Journal Article

The political economy of direct legislation: direct democracy and local decision–making

Lars P. Feld and Gebhard Kirchgässner

in Economic Policy

Published on behalf of Center for Economic Studies of the University of Munich

Volume 16, issue 33, pages 330-367
Published in print October 2001 | ISSN: 0266-4658
Published online July 2014 | e-ISSN: 1468-0327 | DOI: https://dx.doi.org/10.1111/1468-0327.00078
The political economy of direct legislation: direct democracy and local decision–making

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SUMMARY

Local fiscal referenda The dampening effect on taxes and spending

Local and regional governments account for an important share of total government spending and, given the decentralization trend in OECD nations, this is likely to increase. How should this spending be governed? This article argues that direct democracy is best suited to organize decision–making at the state and local level. To support this, we present the main theoretical arguments on why and how referenda and initiatives affect fiscal policy outcomes. The basic argument concerns voter control. Under representative democracy, citizens only have direct control at election time. With referenda and initiatives, citizens can selectively control their representatives on specific policies whenever they deviate sufficiently from citizens’ preferences. As a result, fiscal policy outcomes are likely to more closely reflect voter preferences. We empirically test this on Swiss data since Switzerland provides a ‘natural laboratory’ for local governance. The governance structures of Swiss cantons and localities with respect to fiscal issues range from classic parliamentary democracy to pure direct democracy, and an important part of spending and taxation is controlled at these levels. Specifically, we estimate an econometric model of fiscal behaviour using data from 1986 to 1997 for the 26 Swiss cantons, and 1990 data on 134 local communities. It is shown that mandatory referenda on fiscal issues at both levels have a dampening effect on expenditure and revenue, and at the local level also on public debt. Combining this with existing empirical evidence leads to a relatively uncontested result, namely that elements of direct democracy are associated with sounder public finances, better economic performance and higher satisfaction of citizens.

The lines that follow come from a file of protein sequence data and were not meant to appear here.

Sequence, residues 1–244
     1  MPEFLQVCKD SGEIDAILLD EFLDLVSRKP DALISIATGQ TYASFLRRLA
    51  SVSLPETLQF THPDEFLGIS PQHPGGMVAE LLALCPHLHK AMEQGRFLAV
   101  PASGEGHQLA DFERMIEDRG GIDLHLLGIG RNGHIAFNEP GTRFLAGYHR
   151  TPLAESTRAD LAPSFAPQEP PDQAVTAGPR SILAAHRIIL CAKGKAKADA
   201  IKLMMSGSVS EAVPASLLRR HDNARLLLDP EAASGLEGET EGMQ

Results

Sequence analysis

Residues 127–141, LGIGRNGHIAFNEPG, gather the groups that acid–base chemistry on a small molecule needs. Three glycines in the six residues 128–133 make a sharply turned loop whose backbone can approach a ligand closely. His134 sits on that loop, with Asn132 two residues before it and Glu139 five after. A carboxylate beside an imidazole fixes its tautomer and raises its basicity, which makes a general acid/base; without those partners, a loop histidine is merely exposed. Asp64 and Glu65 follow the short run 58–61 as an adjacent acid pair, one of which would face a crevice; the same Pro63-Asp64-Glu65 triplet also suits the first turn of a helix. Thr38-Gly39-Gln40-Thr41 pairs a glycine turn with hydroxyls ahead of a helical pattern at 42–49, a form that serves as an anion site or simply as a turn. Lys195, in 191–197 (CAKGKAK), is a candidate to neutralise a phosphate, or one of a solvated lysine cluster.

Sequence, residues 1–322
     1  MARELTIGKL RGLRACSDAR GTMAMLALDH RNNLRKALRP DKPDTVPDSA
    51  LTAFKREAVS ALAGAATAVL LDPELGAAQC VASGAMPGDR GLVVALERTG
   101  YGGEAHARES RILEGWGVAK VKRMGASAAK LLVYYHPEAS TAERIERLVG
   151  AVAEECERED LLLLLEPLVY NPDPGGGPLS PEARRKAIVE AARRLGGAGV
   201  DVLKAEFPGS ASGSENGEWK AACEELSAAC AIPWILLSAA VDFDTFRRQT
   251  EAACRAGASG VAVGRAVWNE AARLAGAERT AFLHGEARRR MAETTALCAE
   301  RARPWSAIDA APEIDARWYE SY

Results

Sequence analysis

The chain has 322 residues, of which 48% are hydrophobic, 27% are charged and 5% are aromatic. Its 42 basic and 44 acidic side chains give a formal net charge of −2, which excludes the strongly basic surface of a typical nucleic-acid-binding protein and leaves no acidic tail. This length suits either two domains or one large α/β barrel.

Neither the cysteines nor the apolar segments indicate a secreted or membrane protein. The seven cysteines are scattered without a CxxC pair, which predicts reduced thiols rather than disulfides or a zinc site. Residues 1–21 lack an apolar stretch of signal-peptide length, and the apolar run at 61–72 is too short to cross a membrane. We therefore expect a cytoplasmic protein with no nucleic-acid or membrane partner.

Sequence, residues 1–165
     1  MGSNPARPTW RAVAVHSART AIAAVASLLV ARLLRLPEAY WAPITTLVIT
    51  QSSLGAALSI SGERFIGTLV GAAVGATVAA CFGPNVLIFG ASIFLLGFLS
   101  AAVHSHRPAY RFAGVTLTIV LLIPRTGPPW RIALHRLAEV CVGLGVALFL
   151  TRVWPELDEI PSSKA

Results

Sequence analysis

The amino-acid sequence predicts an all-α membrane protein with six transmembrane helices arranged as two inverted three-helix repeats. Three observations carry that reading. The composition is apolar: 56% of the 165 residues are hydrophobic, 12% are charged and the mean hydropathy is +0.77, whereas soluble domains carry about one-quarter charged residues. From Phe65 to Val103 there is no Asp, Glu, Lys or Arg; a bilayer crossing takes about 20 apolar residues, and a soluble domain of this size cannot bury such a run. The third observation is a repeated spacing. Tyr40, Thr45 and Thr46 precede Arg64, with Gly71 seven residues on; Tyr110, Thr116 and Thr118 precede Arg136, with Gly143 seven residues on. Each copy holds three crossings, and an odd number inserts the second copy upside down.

— Lars P. Feld and Gebhard Kirchgässner

Journal Article.  0 words. 

Subjects: Economic Growth and Aggregate Productivity ; Financial Regulation ; Health, Education, and Welfare ; Labour and Demographic Economics ; Macroeconomics and Monetary Economics ; Public Economics ; Regional Government Analysis

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